Since his arrival, much water has passed under the proverbial bridge. On Monday, August 26, he was said to have written to the State House of Assembly on his readiness to resume duties as governor. By Wednesday, a letter signed by his Senior Special Assistant on Media announced the dissolution of the state executive council and appointment of new Secretary to the State Government and Chief of Staff. By Thursday, August 29, sixteen  of the 24 members of the state house of assembly purportedly signed to empower the hitherto acting governor Garba Umar to continue to see to the administration of the state while the governor is urged to go back to complete his medical treatment. The acting governor was said to have countermand his boss by directing that the members of the state executive council should disregard the dissolution order.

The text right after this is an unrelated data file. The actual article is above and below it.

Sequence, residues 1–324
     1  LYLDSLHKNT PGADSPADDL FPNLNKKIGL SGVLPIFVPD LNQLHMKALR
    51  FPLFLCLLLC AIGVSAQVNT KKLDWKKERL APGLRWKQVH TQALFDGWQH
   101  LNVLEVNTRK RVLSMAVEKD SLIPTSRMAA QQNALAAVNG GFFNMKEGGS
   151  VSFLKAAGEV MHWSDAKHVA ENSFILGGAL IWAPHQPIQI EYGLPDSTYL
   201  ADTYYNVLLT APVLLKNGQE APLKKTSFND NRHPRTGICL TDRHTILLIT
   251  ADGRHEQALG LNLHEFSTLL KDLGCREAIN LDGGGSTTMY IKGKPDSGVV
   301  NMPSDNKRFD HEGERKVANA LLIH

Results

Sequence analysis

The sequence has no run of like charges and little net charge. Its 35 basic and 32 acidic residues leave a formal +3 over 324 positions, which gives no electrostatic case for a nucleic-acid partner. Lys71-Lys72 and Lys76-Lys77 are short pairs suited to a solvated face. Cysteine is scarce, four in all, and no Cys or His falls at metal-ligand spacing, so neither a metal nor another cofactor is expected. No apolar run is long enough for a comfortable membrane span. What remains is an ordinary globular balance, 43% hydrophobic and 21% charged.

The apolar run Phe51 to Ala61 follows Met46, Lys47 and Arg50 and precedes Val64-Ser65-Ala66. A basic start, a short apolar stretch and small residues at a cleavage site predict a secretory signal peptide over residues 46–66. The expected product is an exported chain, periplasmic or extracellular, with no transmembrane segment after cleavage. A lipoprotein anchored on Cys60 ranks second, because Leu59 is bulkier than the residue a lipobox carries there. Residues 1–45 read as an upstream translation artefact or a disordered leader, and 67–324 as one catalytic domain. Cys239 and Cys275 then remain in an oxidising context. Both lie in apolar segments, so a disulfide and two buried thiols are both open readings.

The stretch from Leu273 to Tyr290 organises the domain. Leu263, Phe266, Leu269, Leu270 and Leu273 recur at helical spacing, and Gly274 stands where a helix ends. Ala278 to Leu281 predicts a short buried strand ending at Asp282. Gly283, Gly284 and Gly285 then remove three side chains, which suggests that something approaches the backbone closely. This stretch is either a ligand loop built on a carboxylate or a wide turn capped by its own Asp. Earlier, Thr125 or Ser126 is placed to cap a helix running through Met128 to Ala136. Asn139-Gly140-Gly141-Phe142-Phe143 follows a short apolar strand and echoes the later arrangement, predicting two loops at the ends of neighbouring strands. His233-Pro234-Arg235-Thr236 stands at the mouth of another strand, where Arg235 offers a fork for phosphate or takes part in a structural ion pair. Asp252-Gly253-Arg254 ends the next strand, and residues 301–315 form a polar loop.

The Speaker of the House, Hon. Haruna Tsokwa said their observation during their meeting with the governor last Wednesday does not show him as someone medically fit to administer the state. He even said that the letter allegedly written to the House by the governor for resumption of duties may have been forged.   Early last week, the lawmakers decried the attempt by the Suntai’s family and close associates to prevent them from seeing the governor. Even the acting governor was also alleged to have been prevented from seeing his boss. The state commissioner of police and director of state security services were equally said to have been prevented from seeing the governor. However, close associate of the governor said the governor was advised to rest for 72 hours by his doctors due to jetlag.